Push hands practice in Taijiquan can teach us a lot about basic human behavior. Much of what we learn is obvious in a push hands or martial art context, but not so clear in everyday life. For example, in push hands we’re trying to sense our partner’s movements to a very subtle degree, but we must also be aware that they are trying to do the same to us. Thus, if we think we have the advantage and begin to move against our partner, they may sense this change and will act differently in response. Because we want to make the most of an advantageous position when it arises, we remind ourselves: do not use force, especially when advancing on an opponent so as not to reveal one’s position. All the time we must think of following the opponent, even if we are on the offensive.
Taijiquan’s push hands method is very similar to free-market economic theory. In an ideal free-market, individuals have an incentive to cooperate by maximizing their comparative advantage in labor. Individuals “follow” and adapt to the labor production of others and then trade on that which they produce in a comparatively better way. The difficulty lies in figuring out what exactly one should produce in a given society. This entails knowing oneself (what one is good at producing) as well as knowing others (what could be offered to society). Finding that out requires a push hands-like attunement to ourselves and the environment, yet the better we are at this task the more successful we can be as individuals and the more we can benefit our community.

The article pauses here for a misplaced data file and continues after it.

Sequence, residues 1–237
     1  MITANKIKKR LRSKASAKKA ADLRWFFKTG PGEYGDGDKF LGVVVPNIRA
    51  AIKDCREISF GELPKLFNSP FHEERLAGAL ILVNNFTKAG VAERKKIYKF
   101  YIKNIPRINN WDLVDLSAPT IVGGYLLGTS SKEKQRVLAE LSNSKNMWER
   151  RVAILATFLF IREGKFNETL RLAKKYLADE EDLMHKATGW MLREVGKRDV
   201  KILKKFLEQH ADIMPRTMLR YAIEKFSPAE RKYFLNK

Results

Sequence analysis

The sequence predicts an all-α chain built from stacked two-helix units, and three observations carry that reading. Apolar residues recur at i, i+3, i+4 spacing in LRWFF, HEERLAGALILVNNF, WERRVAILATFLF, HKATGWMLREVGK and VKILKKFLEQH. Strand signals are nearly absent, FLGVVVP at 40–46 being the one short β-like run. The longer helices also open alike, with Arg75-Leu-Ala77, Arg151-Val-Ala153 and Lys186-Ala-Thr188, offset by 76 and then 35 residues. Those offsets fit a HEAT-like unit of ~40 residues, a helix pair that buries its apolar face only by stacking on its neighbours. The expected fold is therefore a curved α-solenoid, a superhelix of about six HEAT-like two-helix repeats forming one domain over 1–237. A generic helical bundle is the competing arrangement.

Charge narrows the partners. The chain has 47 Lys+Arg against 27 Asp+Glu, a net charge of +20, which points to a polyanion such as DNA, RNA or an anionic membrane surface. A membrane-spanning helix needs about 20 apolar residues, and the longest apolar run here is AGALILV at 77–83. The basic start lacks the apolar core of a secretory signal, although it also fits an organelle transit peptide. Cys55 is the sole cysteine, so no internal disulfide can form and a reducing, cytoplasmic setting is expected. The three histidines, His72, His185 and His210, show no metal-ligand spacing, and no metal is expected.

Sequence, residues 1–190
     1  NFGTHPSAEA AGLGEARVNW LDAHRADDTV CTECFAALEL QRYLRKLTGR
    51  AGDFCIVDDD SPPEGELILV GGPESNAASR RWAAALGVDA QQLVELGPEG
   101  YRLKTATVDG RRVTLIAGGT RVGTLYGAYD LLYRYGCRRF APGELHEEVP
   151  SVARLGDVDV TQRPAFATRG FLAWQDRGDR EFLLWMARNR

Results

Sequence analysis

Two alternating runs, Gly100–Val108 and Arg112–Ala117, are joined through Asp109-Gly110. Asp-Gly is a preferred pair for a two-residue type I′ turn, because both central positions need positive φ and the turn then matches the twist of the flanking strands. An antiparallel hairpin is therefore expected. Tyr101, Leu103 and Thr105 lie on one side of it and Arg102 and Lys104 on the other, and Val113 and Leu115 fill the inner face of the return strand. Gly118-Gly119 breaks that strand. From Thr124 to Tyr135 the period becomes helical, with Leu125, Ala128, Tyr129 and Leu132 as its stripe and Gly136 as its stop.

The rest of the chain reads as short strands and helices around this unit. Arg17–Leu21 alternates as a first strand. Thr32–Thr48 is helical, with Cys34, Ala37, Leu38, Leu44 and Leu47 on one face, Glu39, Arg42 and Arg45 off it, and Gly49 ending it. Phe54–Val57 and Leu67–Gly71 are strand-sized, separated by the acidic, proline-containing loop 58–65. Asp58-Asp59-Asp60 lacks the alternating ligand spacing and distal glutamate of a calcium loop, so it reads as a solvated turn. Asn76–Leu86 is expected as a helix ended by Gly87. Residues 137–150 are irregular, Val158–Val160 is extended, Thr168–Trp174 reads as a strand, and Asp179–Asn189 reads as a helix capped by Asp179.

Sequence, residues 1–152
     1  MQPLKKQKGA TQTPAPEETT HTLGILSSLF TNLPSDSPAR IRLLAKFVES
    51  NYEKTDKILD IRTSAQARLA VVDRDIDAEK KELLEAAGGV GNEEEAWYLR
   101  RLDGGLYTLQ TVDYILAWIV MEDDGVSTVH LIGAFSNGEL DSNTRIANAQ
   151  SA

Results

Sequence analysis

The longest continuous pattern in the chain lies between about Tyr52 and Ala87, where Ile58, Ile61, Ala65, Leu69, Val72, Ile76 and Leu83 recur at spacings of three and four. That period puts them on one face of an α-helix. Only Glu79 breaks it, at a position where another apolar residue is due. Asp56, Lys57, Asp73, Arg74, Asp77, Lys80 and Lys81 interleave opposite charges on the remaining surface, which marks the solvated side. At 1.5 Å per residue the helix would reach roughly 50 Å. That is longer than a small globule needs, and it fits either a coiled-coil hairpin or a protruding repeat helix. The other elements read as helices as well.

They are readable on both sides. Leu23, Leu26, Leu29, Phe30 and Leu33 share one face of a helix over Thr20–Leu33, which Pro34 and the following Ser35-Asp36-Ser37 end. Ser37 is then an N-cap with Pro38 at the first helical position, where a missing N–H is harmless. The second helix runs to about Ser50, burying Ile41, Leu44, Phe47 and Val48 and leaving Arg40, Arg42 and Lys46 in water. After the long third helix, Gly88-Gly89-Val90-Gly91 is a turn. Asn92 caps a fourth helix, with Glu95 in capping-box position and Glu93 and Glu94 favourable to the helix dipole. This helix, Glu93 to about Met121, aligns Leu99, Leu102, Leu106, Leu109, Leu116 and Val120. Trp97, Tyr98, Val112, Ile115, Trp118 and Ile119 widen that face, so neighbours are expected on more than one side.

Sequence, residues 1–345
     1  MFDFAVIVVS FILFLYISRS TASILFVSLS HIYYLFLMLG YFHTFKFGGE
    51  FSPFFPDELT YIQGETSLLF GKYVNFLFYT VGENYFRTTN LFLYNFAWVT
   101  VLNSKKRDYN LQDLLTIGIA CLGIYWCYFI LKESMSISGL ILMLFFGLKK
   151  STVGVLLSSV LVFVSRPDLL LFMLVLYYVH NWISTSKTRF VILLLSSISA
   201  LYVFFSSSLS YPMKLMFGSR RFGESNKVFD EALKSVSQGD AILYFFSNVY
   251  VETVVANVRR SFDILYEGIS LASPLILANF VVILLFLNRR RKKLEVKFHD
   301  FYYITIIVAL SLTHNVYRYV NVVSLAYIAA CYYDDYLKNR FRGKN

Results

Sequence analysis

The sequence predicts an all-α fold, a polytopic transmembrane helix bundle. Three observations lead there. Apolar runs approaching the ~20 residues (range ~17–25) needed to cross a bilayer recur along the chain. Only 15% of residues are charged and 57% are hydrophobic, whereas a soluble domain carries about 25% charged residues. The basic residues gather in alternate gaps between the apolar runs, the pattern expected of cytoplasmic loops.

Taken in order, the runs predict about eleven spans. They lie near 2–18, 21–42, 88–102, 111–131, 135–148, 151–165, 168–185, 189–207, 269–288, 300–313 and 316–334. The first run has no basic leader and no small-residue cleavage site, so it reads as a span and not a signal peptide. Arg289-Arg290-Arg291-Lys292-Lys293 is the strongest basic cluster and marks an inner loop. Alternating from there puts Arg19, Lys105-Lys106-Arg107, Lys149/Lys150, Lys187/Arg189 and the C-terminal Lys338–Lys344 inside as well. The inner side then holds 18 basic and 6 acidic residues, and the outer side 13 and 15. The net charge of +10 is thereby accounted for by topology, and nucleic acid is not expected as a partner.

At least two mistakes can be made in this economic paradigm. First: trying to do something for which one clearly does not have a comparative advantage. This could be likened to having too much force or tension within ones own body, so that the movements are unnatural. In Tai Chi push hands, we act in ways which are forceful we reveal our intentions to the opponent and are also doing so in an inefficient way. Using inefficient force in this way backfires and leads to failure just as it does in the free market. Second: trying to manipulate market incentives where they are felt to be lacking, such as subsidizing a specific industry. This is essentially trying to create an economic incentive where one does not exist and increase production or consumption of a particular good. Creating incentives artificially like that is similar to using obviously forceful techniques against an opponent, trying to get them to move in a way that is more favorable to your victory. Normally, the opponent will sense what you are trying to do and react. Of course, they may not be able to react in time and the technique may actually work, but it can’t work forever because after being attacked once, the opponent will be more cautious and make adjustments. Similarly, a subsidy may actually work, and help an industry to be more profitable. Yet, the act of subsidizing sends a signal to the market as to what the economic planner intends to do, so that in the future the industry may take greater and great risks, believing they can always count on continued assistance no matter their actions.
Economics is merely a hobby of mine, but many of the theories confirm what we Tai Chi practitioners observe every time we do the form or interact with others. The simple idea of ‘not using force’ has unlimited applications and can help us all to better interact with our environment and ourselves.